SPOILER ALERT... the below section contains spoilers...
There are some inconsistencies in the book that rob it of it's believability. Example #1... The Assassin sends his son Jon to a bar to meet with Surge for the first time so that Jon can explain to him that his dad needs Surge for another mission. Surge, who is an out of shape and overweight drunk in his 50's, gets into a bar fight with a much bigger, much younger guy and Surge knocks the guy out no problem. Now you would think Jon would be impressed by this, but later on in the chapter he questions his dad for even trying to recruit Surge saying "He looks like he could barely pop the top off his beer." Did Jon not clearly see what even an out of shape Surge is capable of? Yet here he is questioning Surge.... it's almost like the author wrote the bar fight in later and forgot that Jon had questioned Surge's abilities later in the chapter.
Later, after Surge has gotten rid of the beer belly and man boobs and his whipped himself back into fantastic shape, and is shown to be able to defeat just about anyone in a fist fight with his superhuman reflexes, strength and martial arts experience, there's a scene where Surge blindly charges a bad guy and the guy knocks him out with the butt of a pistol in one swing. Just like that, no problem, all of Surge's experience and hand-to-hand prowess is thrown out the window in one swing.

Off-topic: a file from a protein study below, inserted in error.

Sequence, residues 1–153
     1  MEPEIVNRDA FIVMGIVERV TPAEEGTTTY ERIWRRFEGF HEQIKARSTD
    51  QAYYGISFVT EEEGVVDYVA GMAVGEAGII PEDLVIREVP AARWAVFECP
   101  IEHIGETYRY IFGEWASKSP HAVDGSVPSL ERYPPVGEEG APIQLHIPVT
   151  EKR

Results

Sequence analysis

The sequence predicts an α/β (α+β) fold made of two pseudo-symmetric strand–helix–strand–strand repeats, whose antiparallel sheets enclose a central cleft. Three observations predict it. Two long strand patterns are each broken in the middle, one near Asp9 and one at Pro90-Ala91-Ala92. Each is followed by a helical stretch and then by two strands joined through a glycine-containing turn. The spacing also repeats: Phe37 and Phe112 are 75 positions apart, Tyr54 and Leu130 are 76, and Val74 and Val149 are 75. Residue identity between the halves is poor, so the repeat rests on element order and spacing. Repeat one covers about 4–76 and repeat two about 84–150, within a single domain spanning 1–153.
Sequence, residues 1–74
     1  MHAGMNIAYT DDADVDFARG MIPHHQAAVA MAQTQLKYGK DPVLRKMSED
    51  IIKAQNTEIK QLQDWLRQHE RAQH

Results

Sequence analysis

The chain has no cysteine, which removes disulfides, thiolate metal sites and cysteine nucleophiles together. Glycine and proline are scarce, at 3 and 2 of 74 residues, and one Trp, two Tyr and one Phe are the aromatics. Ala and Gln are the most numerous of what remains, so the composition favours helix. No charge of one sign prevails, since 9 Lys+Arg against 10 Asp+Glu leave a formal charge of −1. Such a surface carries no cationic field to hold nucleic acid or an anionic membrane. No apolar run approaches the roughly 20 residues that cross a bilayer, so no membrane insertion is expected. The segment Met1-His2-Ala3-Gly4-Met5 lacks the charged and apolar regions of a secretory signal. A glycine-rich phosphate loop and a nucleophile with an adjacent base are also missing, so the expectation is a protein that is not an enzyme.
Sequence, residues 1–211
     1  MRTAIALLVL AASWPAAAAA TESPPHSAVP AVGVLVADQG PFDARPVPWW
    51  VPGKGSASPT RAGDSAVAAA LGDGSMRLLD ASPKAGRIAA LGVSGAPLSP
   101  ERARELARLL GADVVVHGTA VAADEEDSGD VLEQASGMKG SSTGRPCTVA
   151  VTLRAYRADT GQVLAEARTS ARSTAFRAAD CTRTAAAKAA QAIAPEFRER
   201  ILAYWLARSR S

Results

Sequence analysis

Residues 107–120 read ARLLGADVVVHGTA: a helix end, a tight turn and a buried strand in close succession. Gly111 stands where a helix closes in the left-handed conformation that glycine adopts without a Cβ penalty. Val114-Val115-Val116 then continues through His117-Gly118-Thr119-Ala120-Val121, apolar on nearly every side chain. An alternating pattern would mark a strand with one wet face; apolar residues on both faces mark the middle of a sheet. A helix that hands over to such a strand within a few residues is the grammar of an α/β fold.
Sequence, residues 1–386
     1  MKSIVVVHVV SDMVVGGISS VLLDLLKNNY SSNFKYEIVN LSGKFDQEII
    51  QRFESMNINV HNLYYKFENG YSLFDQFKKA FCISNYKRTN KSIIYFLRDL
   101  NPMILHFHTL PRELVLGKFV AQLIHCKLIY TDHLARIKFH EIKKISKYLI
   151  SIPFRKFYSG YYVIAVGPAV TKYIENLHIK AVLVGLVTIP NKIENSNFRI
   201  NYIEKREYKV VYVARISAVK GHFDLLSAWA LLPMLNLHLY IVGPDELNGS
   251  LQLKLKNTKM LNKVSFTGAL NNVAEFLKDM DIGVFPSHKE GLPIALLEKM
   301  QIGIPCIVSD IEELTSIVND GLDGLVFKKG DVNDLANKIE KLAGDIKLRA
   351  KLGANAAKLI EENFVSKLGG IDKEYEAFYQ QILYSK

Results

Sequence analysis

Surge also sparks a love interest with a woman, although he keeps her at arm's length for her own safety and doesn't really let her know what kind of a fighting genius he really is. The farthest this romance ever goes is them having a cup of coffee and sparring together in a dojo, that is until Surge defends her honor against a bully boxing champion in the dojo, knocking the guy out. Well now the secret's out and Surge tells her that some very bad men (the drug lord and his henchmen) are after him and that she won't be safe around him. Out of nowhere, they both agree that they'll get married once the mission is over. What? They went from having a cup of coffee and exchanging flirtatious glances while sparring to vowing to spend their lives together? This was a massive jump in their romance that made no sense.
SUMMARY: This was a potentially good novel with a few flashes of greatness, but the lack of emotion and the behavioral inconsistencies made it hard for me to immerse myself into the story the author created. It felt lazy and rushed. A good editor and thorough re-write of the inconsistencies, as well as fleshing out The Assassin's and Jon's back stories and injecting some emotion and conviction into their actions could see this rating bumped to a solid 4 stars, but I can't give it more than 2 as it stands.
This book is very well done for a debut. I am a writer and really enjoyed reading this author's work.
He definitely has a talent and the story was very well thought out.
I especially enjoyed the characters and the flow of the work.
The only criticism I have was in regards to some of the editing.
I could tell that editing took place but it wasn't of the highest standard.
I picked up mistakes fairly often over the course of the book and I am not an editor by any
stretch of the imagination. For this solitary reason alone I gave it four stars and not five but to
be perfectly honest I would have given it 4 and a half if I had the opportunity.
DC keep on writing man, you have so much potential that is evident in this work!
I would definitely read another of your books in the future.
I'd recommend a better editor or more editing although like I stated earlier you could
notice that at least a certain level of editing had been completed.
Better then 8 out of 10 debuts out there.
Most recent customer reviews
Should not be linked to The Gray Man series by Mark Greaney